Pfizer could fetch $15bn for consumer health business

Pfizer is considering selling its consumer healthcare business in a deal that could be worth around $15 billion.

In a press statement Pfizer said it is “reviewing strategic alternatives ” for the business, which generated revenues of around $3.4 billion in 2016.

The company originally floated the idea several years ago, though more recently it has focused on became buying, or attempting to buy, other pharma companies.

In April last year, Pfizer axed a $160 billion deal to merge with Allergan after the US government cracked down on attempts to lower tax rates by using mergers to relocate overseas.

And late last year Pfizer won a bidding war to acquire cancer biotech Medivation for $14 billion.

Pfizer said it is considering a range of options including a full or partial separation, through a sale, spin-off, or other transaction, with a decision due next year.

Pfizer may also consider retaining the business, one of the largest over the counter products businesses in the world, operating in 90 countries.

It markets two of the ten top-selling consumer healthcare brands – multivitamin tablets Centrum and headache pill Advil.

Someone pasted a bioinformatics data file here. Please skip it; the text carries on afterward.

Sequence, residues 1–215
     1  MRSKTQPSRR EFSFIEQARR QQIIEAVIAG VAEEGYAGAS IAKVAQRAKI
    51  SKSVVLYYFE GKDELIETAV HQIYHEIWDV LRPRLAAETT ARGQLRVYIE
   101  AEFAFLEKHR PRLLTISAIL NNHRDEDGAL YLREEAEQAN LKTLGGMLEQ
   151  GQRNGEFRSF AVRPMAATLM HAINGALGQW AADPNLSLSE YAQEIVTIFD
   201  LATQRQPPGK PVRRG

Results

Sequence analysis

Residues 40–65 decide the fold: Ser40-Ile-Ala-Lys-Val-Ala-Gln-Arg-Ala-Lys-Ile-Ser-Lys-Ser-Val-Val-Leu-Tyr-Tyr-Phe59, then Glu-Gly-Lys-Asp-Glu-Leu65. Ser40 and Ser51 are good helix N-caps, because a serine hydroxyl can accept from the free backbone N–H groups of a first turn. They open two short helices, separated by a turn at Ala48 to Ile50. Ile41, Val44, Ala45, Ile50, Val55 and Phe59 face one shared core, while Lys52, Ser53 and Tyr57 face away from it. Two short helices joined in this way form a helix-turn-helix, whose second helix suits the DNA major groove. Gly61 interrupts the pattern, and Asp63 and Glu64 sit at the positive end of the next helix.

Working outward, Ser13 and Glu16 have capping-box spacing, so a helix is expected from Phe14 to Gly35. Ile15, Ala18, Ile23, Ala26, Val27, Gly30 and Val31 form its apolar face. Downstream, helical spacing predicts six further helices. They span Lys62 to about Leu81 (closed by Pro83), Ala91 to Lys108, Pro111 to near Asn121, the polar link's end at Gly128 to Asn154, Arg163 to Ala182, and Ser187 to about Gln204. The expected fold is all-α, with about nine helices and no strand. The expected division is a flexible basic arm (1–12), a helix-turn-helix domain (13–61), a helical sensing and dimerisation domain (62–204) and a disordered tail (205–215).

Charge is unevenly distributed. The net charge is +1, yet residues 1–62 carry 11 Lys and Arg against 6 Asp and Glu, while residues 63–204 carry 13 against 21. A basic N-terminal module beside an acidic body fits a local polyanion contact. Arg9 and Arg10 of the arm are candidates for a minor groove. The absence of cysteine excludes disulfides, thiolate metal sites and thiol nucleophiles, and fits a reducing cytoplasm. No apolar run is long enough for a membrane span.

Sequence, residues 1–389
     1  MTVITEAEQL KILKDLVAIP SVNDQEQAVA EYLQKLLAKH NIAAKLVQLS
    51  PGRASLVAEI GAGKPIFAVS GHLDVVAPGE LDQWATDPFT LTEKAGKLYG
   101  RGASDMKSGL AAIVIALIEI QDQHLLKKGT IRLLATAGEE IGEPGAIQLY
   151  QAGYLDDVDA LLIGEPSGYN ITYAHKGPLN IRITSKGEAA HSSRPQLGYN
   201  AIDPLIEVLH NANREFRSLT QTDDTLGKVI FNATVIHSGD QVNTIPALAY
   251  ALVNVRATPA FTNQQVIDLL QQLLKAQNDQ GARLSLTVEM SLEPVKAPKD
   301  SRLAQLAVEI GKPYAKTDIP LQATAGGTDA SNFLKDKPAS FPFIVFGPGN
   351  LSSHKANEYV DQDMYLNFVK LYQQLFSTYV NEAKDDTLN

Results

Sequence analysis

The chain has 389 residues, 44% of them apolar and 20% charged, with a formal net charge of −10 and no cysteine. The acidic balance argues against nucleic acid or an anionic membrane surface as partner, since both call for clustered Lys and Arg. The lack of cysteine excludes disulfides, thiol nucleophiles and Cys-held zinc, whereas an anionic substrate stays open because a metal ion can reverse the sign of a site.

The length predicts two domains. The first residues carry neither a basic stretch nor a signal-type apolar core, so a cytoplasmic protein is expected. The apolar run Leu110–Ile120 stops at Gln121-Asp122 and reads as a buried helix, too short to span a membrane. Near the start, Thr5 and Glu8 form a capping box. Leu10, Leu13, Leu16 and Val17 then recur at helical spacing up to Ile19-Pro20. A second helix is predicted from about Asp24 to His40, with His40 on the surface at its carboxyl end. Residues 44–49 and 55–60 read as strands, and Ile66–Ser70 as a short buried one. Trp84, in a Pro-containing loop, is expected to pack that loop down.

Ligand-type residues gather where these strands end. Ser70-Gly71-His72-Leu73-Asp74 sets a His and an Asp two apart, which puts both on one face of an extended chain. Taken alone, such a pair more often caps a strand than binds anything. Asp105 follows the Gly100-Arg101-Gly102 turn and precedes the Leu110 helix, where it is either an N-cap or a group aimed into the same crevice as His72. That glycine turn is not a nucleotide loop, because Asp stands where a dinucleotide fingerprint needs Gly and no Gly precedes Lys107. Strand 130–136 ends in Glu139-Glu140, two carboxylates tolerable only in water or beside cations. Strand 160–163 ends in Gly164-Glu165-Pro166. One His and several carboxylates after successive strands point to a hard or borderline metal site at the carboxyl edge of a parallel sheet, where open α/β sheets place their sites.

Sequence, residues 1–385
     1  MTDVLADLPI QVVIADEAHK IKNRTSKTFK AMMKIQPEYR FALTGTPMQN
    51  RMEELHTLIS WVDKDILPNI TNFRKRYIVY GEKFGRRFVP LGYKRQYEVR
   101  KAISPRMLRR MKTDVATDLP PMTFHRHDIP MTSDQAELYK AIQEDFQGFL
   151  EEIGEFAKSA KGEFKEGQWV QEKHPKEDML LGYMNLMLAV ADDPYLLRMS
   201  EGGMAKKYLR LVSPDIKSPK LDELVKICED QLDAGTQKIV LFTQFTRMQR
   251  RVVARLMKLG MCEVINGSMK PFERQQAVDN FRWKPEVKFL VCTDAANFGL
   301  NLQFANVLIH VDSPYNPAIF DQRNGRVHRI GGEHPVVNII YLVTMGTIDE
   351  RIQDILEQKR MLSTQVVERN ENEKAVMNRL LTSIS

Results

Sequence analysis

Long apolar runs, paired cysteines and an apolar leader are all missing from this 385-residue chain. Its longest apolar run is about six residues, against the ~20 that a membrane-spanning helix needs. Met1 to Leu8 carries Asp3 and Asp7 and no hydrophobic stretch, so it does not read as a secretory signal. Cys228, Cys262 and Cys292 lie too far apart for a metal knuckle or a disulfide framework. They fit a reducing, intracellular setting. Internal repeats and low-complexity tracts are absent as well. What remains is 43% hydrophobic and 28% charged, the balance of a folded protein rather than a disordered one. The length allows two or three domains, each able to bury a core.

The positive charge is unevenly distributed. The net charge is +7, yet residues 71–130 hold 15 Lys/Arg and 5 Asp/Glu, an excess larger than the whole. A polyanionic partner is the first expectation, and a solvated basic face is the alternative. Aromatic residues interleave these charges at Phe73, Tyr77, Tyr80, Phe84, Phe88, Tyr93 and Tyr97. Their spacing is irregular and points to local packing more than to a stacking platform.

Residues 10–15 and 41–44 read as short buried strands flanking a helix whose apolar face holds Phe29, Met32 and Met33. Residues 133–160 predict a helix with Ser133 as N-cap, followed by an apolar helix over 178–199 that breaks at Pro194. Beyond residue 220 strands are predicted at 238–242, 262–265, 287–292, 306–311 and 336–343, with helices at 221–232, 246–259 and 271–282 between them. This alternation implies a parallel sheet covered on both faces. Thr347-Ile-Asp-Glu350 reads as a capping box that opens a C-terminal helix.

Germany’s Merck KGaA is also considering divesting its non-prescription products, including brands such as Seven Seas vitamins.

Reuters reported that industry experts predict that Pfizer’s business could sell for four times sales value, with banking sources suggesting Pfizer is aiming to raise at least $15 billion.

While OTC products have lower margins than prescription drugs, customers are very loyal to brands, and sales have stayed constant as an ageing population seeks to find ways to stay healthy and manage any ongoing minor ailments.

The announcement sparked speculation that a number of health companies would be interested in buying the Pfizer business.  These include GlaxoSmithKline, though it is already looking to buy Novartis out of its joint venture in consumer health for around £8bn ($10.5bn). Others include Reckitt Benckiser, Procter & Gamble,  Abbott and Johnson & Johnson, which is the world’s biggest player in the market, earning $13.3 billion from consumer health last year.

Food giant Nestle may also consider a tentative move into the healthcare market, and an insider suggested Pfizer anticipates bids from a broader range of companies.

While Bayer and Sanofi have a consumer health presence, they are busy absorbing Monsanto and Boehringer Ingelheim’s consumer businesses respectively and may be less likely to bid.

Ian Read

Pfizer’s CEO and chairman Ian Read said: “Although there is a strong connection between Consumer Healthcare and elements of our core biopharmaceutical businesses, it is also distinct enough from our core business that there is potential for its value to be more fully realised outside the company.”

“By exploring strategic options, we can evaluate how best to fuel the future success and expansion of Consumer Healthcare while simultaneously unlocking potential value for our shareholders.”

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